How did Rikki-Tikki kill Nagaina in "Rikki-Tikki-Tavi" by Rudyard Kipling?

Expert Answers

An illustration of the letter 'A' in a speech bubbles

Rikki-tikki killed Nagaina by following her into her hole and fighting her to the death.

Nagaina was the female cobra in the garden at the Indian bungalow.  Rikki-tikki killed her mate, Nag, earlier in the story.  However, it turns out that Nag and Nagaina had eggs.  Rikki-tikki knew that he had to kill all of the snakes in the garden for the family to be safe, so he killed all of the eggs except one and used that egg to lure Nagaina out of the house.

Nagaina is described as “Nag's wicked wife.”  She certainly seems to be the planner of the two.

"When the house is emptied of people,'' said Nagaina to her husband, ``he will have to go away, and then the garden will be our own again….”

Nag wonders if there is anything to be gained by killing the people, and Nagaina convinces him that they won’t survive as long as the humans are there.

Rikki-tikki describes Nagaina as “worse than five Nags” when she finds out that he has killed her babies.  She does indeed threaten the family, and Rikki uses the last egg to lure her outside.  The other animals assume that once he follows her into her hole he is dead, because a cobra hole is very dangerous.  Yet Rikki-tikki emerges alive.

Rikki-tikki kills Nagaina by cunning and skill.  He is smart enough to save one of the eggs as an incentive for her to follow him.   He also is able to kill her even in his hole.  This demonstrates not only his bravery and devotion, but his luck and ability.

Approved by eNotes Editorial
An illustration of the letter 'A' in a speech bubbles

How does Rikki trick Nagaina or Nag during the story "Rikki-Tikki-Tavi"?

Rikki-Tikki-Tavi tricks both snakes, Nag and Nagaina, so that he has the advantage when killing them.

Rikki tricks Nag by waiting in the house while Nag hides in the bathroom, so that he will be able to bite him in the right place and kill him without being in as much danger.

"Now, if I kill him here, Nagaina will know; and if I fight him on the open floor, the odds are in his favour. What am I to do?'' said Rikki-tikki-tavi.

Rikki-Tikki-Tavi tricks Nagaina by killing all of her eggs and running off with the last one so she will have to follow him.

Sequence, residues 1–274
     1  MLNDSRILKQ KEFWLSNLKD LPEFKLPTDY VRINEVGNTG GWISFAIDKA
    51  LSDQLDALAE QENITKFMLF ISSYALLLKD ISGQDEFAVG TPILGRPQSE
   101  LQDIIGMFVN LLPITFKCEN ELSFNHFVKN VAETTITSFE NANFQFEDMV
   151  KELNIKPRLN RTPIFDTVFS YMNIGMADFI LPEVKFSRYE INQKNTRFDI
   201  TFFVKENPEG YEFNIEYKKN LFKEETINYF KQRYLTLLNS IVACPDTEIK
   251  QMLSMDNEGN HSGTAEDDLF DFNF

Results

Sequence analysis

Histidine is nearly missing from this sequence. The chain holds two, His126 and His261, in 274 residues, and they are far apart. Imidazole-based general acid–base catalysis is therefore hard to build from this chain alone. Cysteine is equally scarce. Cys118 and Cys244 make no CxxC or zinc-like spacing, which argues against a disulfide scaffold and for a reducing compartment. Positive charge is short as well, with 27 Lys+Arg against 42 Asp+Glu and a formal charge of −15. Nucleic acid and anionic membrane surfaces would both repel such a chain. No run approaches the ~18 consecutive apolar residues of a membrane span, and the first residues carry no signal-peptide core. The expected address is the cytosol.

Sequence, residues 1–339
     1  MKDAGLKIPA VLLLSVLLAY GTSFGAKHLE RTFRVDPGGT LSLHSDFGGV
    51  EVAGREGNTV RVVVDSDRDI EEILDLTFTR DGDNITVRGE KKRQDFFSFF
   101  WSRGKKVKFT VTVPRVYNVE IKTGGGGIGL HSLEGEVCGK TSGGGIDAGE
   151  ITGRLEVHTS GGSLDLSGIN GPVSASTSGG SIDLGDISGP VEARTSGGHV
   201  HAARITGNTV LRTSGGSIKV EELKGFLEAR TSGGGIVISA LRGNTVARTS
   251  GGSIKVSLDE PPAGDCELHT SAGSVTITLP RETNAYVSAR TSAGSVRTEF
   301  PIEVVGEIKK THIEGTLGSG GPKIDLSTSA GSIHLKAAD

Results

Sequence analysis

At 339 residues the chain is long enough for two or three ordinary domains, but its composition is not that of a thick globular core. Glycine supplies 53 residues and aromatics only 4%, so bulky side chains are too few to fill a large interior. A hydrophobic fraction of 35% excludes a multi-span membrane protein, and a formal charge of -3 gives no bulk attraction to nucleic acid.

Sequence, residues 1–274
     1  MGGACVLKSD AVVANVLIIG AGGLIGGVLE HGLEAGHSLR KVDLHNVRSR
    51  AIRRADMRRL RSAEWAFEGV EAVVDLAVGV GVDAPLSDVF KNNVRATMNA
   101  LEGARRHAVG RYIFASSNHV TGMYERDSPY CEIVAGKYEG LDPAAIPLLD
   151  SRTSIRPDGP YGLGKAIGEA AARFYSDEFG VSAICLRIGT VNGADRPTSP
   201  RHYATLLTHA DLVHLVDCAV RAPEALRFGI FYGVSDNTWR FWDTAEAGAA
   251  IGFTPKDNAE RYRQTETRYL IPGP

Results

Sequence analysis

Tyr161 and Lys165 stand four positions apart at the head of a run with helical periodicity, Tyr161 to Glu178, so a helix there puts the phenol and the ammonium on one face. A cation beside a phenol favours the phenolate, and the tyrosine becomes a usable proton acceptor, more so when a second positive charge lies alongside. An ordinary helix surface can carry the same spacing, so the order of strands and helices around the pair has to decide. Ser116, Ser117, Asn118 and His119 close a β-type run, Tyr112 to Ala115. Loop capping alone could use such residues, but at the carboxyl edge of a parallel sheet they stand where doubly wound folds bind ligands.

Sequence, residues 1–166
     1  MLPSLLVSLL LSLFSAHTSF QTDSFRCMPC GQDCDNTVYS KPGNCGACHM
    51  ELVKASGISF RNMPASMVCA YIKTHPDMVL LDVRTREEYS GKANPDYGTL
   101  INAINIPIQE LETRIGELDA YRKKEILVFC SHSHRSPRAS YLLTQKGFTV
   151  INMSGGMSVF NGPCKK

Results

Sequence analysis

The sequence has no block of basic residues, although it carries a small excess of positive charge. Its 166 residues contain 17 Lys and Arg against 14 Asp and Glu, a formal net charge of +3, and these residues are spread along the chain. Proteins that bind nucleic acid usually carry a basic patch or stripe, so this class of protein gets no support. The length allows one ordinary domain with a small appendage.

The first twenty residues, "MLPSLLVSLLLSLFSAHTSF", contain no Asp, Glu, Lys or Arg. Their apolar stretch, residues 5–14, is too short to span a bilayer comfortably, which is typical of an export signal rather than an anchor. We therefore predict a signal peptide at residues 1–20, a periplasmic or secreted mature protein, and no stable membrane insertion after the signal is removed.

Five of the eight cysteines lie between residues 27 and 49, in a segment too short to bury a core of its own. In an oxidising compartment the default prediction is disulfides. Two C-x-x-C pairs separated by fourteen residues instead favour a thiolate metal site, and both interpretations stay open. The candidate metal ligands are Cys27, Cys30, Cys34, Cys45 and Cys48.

Rikki-tikki put his paws one on each side of the egg, and his eyes were blood-red. ``What price for a snake's egg? For a young cobra? For a young king-cobra? For the last -- the very last of the brood? The ants are eating all the others down by the melon-bed.''

Rikki-Tikki gets Nagaina mad, so she is not thinking clearly, and she does what he wants her to do so that he has the advantage.  It does not work quite as he expects, and he has to follow her down the hole, but he emerges triumphant.

Last Updated on
An illustration of the letter 'A' in a speech bubbles

How does Rikki trick Nag in Rudyard Kipling's "Rikki-Tikki-Tavi"?

With Nagaina's new nest of eggs nearly ready to hatch, the two cobras knew that the bungalow must be cleared of humans in order for their own babies to survive. Nag decided to wait in the bathroom for the man to appear the next morning, curling himself up in the water jar that he knew would be used once the man had awakened. But Rikki was watching, and he decided to attack Nag in the large jar while the snake was still asleep: It would be his best chance to kill the large cobra without being killed himself.

"If I don't break his back at the first jump," said Rikki, "he can still fight; and if he fights -- O Rikki!
     "It must be the head," he said at last; "the head above the hood; and when I am once there, I must not let go."

Rikki attacked, and he did not let go. He locked his jaws, knowing he would be battered to death by Nag's relentless whipping, but he was willing to die "for the honour of his family." But the man had awakened, and he put an end to Nag with a blast from his shotgun. The man saw that Rikki was a hero yet again:

"It's the mongoose again, Alice; the little chap has saved our lives now."

See eNotes Ad-Free

Start your 48-hour free trial to get access to more than 30,000 additional guides and more than 350,000 Homework Help questions answered by our experts.

Get 48 Hours Free Access
Last Updated on